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Researchers use RDC microdata to investigate a wide range of social, economic and health-related issues, from child poverty to eldercare, from school success to workplace stress, from Aboriginal well-being to immigrant integration, from family-life balance to mental health. This section informs you about the application procedure for accessing these microdata.

To find out what datasets are available in the RDCs, refer to our data page. For past publications using these data, consult our online bibliography in the publications section.To learn more about the research currently underway throughout the Network, you can browse the list of projects on Statistics Canada's website.

How to access RDC data

Protecting confidentiality in the RDCs

Note that researchers whose projects are approved will be subject to a security check before being sworn in under the Statistics Act as a 'deemed employee' of Statistics Canada. Deemed employees are subject to all the conditions and penalties of regular Statistics Canada employees, including fines and/or imprisonment for breach of confidentiality. Effective December 1, 2016, the RCMP requires all federal public servants in Canada (including RDC researchers and staff) to undergo fingerprinting as part of their security clearance. Additionally, Treasury Board of Canada requires a credit check. Please contact your local RDC to learn more about the security clearance procedure.

All results to be physically removed from secure areas will be carefully screened for confidential data, whether as direct listings or as possible residual disclosures.

Application process for academic researchers

Researchers wishing to access the RDC should create an account on the Statistics Canada Microdata Access Platform and follow the steps to create a new proposal. The proposal is evaluated by Statistics Canada for feasibility before access can be granted. In addition, if you are a student, your thesis supervisor must write a letter in support of your RDC application and join the application as a co-investigator. For other academic users, a completed peer-review may be required. The review must be conducted by a tenured faculty-member at an accredited Canadian university. Researchers who are required to submit such a peer review can source their own peer reviewer, or contact CRDCN for assistance if they are unable to find a suitable candidate.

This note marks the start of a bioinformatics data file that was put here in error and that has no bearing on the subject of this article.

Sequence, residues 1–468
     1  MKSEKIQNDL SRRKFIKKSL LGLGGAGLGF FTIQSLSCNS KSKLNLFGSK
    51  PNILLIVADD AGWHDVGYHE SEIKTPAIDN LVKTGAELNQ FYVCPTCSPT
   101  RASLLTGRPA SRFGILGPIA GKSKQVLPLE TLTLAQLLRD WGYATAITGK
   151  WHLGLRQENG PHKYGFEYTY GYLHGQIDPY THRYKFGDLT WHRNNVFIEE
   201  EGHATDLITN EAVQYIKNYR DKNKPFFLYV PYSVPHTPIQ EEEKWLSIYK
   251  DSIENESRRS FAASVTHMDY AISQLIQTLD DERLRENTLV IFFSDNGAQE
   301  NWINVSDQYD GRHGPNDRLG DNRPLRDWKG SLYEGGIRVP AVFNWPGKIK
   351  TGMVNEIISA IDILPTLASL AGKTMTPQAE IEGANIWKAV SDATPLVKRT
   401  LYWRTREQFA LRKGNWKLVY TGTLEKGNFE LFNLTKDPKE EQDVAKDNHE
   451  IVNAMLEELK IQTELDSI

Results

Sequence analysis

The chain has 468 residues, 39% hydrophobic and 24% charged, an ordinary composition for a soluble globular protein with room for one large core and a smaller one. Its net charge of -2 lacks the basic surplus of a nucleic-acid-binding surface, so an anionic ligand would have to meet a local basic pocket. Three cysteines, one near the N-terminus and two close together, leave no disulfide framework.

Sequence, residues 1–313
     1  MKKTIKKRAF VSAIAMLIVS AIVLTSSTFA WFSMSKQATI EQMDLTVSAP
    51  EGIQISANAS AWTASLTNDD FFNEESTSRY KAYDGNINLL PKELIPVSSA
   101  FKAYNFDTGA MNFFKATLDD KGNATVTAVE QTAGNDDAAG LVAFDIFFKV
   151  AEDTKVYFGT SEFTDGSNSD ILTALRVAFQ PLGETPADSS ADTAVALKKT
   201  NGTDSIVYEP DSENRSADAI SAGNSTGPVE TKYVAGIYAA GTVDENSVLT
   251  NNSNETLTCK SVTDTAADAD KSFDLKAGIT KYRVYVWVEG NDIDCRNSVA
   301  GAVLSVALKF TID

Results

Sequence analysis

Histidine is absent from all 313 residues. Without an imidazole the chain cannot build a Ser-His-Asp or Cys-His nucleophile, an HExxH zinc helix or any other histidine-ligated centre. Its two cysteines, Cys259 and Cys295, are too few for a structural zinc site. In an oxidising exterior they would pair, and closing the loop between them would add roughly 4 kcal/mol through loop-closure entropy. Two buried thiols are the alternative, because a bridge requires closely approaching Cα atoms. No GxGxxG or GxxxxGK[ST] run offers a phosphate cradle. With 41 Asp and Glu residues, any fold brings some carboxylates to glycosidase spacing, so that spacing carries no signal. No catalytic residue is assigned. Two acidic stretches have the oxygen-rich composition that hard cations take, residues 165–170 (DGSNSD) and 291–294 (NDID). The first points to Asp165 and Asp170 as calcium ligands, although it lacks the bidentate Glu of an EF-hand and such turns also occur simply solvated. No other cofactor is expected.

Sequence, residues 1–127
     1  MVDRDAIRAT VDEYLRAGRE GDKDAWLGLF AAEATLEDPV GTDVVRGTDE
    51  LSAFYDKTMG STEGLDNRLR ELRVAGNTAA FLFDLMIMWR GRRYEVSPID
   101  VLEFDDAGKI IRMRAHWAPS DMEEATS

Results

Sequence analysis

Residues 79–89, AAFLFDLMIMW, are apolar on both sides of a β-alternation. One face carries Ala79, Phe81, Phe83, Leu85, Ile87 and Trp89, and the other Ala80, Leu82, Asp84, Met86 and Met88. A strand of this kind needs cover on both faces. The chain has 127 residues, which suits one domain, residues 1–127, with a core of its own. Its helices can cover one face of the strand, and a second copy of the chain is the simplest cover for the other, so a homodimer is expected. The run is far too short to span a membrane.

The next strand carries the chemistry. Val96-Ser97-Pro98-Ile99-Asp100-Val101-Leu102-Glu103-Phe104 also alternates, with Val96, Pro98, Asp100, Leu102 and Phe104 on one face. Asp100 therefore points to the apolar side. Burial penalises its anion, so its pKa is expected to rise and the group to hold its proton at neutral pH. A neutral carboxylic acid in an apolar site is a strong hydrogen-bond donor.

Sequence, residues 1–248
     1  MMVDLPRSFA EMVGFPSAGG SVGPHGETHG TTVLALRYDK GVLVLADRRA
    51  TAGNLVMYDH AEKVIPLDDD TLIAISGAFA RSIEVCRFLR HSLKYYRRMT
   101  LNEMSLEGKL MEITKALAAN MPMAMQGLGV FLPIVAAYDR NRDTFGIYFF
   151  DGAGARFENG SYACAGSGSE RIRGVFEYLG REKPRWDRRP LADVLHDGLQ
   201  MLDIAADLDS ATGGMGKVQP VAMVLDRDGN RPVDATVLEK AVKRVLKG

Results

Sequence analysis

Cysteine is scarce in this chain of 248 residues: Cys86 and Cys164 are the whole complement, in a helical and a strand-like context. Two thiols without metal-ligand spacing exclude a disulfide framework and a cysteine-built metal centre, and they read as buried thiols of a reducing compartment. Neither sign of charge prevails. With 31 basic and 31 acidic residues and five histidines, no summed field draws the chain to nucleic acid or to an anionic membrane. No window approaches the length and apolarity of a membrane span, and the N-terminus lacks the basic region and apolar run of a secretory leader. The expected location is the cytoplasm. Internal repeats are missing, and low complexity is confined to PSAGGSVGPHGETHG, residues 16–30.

Application process for government researchers

Government researchers should create an account on the Statistics Canada Microdata Access Platform and create a new application, these proposals will be reviewed in a process distinct from academic proposals.


Any researcher may also contact his/her local RDC for information or assistance with an application, or click here to learn more.

Access fees for certains users

Fees can apply to certain research projects conducted in the RDCs. Consult the Access & Fee-For-Service Policy to learn more.

Additional requirements for census, NHS and LISA users.

Ethics reviews

Applicants often inquire about whether an ethics review is required for RDC research. A statement from the CRDCN on ethics reviews for RDC research can be accessed here.

Should I apply for RDC access?

Before submitting an application for access to an RDC, we recommend that you check whether Statistics Canada public use files (PUMFs) through the Data Liberation Initiative (DLI) could meet your research needs. More than 75 Canadian universities participate in the DLI. To help you determine whether a PUMF meets your needs or if you need to access the Master File in a RDC, you can use the Master File documentation on the DLI Nesstar website.

You can also consult Statistics Canada's public and free database where you will find a large range of tables on various topics with the latest statistics available in Canada.